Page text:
Review: Brillianize Pool Ball Cleaning Fluid

Updated: August 2017

If you own your own table, use your own ball set at a pool hall, or you own or run a pool hall, you owe it to yourself to try Brillianize. It’s the nuts. It cleans and polishes pool balls spectacularly without leaving any film or wax buildup.

Brillianize
Brillianize

When I bought my table about 9 months ago, I bought a set of Aramith Super Pro balls to go with it. I was already familiar with the Aramith Ball Cleaner fluid and I wasn’t particularly happy with it. It left a waxy film on the balls and they seem to stick together on collision for just a hair longer than they should. Wax attracts and holds chalk dust, so the balls will get dirty more quickly. Because the Aramith product does contain wax and abrasives, I didn’t want to use it.

Brillianize is a high-grade plastic polish, sold to manufacturers to put a fine finish on their new products, and as a cleaner/polisher for glass and plastic display cases, motorcycle and airplane windshields, and the glass surface of copy machines. It is not specifically sold for cleaning billiard balls, but they are highly polished plastic, and it came highly recommended, so I tried it. It has anti-static properties, also, so it doesn’t attract or hold chalk dust much.

Brillianize is a liquid that comes in 8 and 32 oz. spray bottles, as well as in 1-gallon jugs. I use it by hand, spritzing a little on a terry cloth and rubbing it in for a few seconds. I do all the balls this way, setting them aside for a moment until I finish. Then with a dry cloth, I polish them off for another few seconds each. With only occasional cleaning my Aramith Super pros are indistinguishable from brand new. The balls feel very smooth but without any hint of a waxy or oily finish. They seem squeaky clean. I continue to sing the praises of Brillianize, and after 7 years my Aramiths still look like new.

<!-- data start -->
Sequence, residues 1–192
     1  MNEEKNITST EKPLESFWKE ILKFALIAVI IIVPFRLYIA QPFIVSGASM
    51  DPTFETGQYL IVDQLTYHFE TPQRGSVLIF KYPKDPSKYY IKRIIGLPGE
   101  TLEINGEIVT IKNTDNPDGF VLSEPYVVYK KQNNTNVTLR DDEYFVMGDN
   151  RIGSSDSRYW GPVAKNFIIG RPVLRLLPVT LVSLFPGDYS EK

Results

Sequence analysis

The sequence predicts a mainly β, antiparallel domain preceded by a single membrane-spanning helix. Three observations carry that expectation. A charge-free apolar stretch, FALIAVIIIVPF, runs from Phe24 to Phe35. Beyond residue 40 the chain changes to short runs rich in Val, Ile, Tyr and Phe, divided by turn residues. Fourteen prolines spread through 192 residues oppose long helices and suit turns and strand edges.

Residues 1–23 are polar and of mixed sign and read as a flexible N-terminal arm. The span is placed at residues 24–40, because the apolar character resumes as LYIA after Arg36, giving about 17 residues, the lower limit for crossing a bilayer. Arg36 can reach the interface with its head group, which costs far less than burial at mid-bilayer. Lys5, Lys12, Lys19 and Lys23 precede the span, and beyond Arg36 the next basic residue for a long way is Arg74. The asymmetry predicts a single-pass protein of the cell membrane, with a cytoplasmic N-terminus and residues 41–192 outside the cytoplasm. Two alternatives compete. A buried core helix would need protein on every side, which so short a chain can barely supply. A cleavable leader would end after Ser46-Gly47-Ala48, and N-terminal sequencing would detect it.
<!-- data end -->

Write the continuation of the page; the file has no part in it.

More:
Cost and Availability

After 6 months my 8-ounce bottle is only a little over half gone, so my $8 investment will easily last a year. Obviously, in a commercial environment the balls are cleaned much more frequently, and in a machine, more product may be used. It’s also possible that once the pads in the machine get wet, they’ll do many sets of balls, so it might even use less product per set. Brillianize is an amazing bargain, and if you buy a gallon, it’s only $30. You can buy directly from the company, or you can use their website to find a local dealer. Brillianize is now available on Amazon.

The old sets of balls that I got with my used table cleaned up nicely, but don’t have near the gloss of the Aramith Super Pros. I don’t know if they ever did. Maybe they would shine up even better in a ball cleaning machine, I don’t know. Since there doesn’t seem to be any abrasive in Brillianize, they might be as shiny as they’re going to get.

Other Options

On the AZ Billiards forum, there are many who sing the praises of Brillianize, and not a soul has anything bad to say about it. I’ve seen recommendations for other products, like Nu Finish or Meguiars PlastX, but I have no personal experience with them. Nu Finish is a paint sealer for cars, so I’d stay away from it. PlastX is a plastic cleaner and polish but it does have some fine abrasives in it. I’d only consider it for older ball sets.

I have also tried Novus 1 Plastic Clean and Shine. It seems to be very similar to Brillianize and I would recommend it also without reservation. Novus has two additional products, Novus 2 and Novus 3. They’re used for plastic products with fine scratches and heavy scratches respectively. I have not used either, but for older ball sets I recommend giving them a try. Given the quality of Novus 1, it’s a low risk. You can get a kit with an 8 oz bottle of each, 1, 2 & 3, along with 2 large polishing cloths for $12.50. This is a little cheaper than Brillianize, a point clearly in its favor. Since you’ll use so little though, it won’t make much difference.

 

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